“I’ve really been working a lot on my takedown defense,” Whiteley elaborated. “I’ve really upped my strength and conditioning. My conditioning has always been good, but we’re really working the weight room for this fight for the last four months. I really feel a lot stronger, and I’m a lot better at stopping and stuffing takedowns. The guy I’m fighting probably watched the Pichel fight for sure, and I’m sure he’s going to want to do the same thing. I just need to stop those takedowns [and] stay on my feet or take him down.”

When a fighter expects a specific type of fight, like Whiteley did in his last outing, a simple change of pace by the opponent can prove to be detrimental. However, if the Army has taught him anything, it’s how to adapt and overcome. Mixing in his wrestling techniques with his effective striking game will hopefully yield a much better Whiteley, one who is ready for that first UFC victory. However, his fighting and military careers are only part of the man that his family knows and loves. There is a lot of life going on outside of the office and the gym.

“[My wife’s] awesome, man,” Whiteley said. “There’s no way I could do any of this without her. I’m the one that takes Greyson to day care. So, she gets up at 4:30 in the morning and goes and does her workout, because she knows that after work I’m going to be going to my MMA practice and she’s not going to be able to work out because she has to watch him.

“So, she sacrifices a lot too, having to get up early to go work out and do that kind of thing. I get up with him in the morning and get him ready, take him to day care, go to work, and then I pick him up, drop him off at her work and I head straight to practice. Then, I’m at practice until 7:30, go home and eat dinner, and then go to bed. So, during fight camp, it’s all fight. I know it’s tough on her, but I couldn’t do it without her.”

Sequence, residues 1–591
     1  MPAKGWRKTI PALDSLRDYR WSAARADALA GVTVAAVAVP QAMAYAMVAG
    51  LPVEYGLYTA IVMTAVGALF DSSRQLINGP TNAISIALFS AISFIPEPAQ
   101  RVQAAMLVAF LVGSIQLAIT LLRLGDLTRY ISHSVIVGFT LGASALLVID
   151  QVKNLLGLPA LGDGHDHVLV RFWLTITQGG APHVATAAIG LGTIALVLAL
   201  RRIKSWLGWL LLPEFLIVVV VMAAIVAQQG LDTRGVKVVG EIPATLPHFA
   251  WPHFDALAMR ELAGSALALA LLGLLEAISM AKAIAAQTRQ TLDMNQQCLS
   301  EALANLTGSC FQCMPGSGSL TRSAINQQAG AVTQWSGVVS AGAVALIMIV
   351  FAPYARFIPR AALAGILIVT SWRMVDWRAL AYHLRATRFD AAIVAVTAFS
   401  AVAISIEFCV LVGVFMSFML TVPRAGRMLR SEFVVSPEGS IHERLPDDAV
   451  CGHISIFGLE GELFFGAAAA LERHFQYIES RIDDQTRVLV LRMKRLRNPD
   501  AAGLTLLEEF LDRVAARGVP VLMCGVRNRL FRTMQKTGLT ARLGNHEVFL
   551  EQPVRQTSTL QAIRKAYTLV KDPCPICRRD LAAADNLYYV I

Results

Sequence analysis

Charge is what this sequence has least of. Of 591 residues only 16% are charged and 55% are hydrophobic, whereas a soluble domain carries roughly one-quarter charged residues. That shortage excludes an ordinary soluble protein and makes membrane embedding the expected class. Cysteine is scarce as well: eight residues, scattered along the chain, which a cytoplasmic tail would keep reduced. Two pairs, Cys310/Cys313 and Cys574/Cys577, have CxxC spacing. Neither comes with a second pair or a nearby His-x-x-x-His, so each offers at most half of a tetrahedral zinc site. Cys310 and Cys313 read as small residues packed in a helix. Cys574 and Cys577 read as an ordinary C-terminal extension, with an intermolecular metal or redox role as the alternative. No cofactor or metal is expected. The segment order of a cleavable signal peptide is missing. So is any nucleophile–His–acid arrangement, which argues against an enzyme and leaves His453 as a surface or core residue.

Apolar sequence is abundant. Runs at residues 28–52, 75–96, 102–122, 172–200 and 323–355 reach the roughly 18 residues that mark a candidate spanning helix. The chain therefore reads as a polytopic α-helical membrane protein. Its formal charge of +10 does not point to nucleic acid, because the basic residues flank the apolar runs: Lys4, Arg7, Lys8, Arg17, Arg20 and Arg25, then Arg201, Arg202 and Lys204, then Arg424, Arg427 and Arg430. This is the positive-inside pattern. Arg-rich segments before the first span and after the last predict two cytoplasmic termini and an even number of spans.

For a guy who has two jobs and a family, life seems extremely busy. Almost too busy. Even with a partner to share the load, it has to be difficult to enjoy any of it. Whiteley actually embraces every moment, but he is ready to get done with this camp.

“I love my job,” the busy dad said. “I love being a part of the National Guard. And, I’ve got my son — he’s a year and three or four months now — so, that’s always awesome.

“He’s getting big, moving around, talking, and that’s always exciting. It’s a full-time deal — training, having a kid and working full-time — so, I’m a pretty busy guy. It’s just getting to the point in training where I’m ready to fight. You get to the point in your training camp where you’re tired of punching the same guys in the face and you’re ready to just get out there and hit somebody new. I’m just really ready to go.”

Well, Whiteley’s camp has pretty much wound down now. The next step is to get in the cage on Saturday night, live from the U.S. Airways Center in Phoenix, to face off against Michaud and earn that much-needed Octagon win. He knows what he was good at, he knows what he got better at and, when he steps into the cage, he knows exactly what fans can expect to see. Then, it’s back to work.

“I’ve really been working my takedown defense, and I feel my stand-up is a lot better than his. I haven’t really mixed in much of my wrestling in the last few years. I’ve got a really good top game and some really good ground-and-pound, so if I can get on top, I’m definitely going to showcase that. I’m going to showcase my stand-up and maybe you’ll see a little wrestling out of me.”

Whiteley would first and foremost like to thank his wife, Sandy, and his son for sticking by his side throughout this camp. He would also like to thank all of his coaches and training partners at Indy Boxing and Grappling, including his head coach, Pat McPherson, Westside MMA in Little Rock, Ark., including coach Roli Delgado, his family, friends and all of his sponsors, including Bad Boys Bail Bonds, Always Pure Water Filtration and Hayabusa. Follow Garrett on Twitter: @GarrettWhiteley

About The Author

Dan Kuhl
Interview Manager

Dan Kuhl has been following MMA since the first Ultimate Fighting Championship in 1993. He holds a brown belt in a mixed martial arts system, trained in kickboxing at a premier MMA gym, and currently trains in Brazilian Jiu-Jitsu under a decorated black belt. Dan also has previous training in Taekwondo, Judo and Hapkido. He has an M.B.A. in Finance and Investment Management and a B.S. in Horticulture. Prior to joining Combat Press, his work appeared on The MMA Corner. In addition to MMA, Dan also covers Sustainable Landscaping for Examiner.com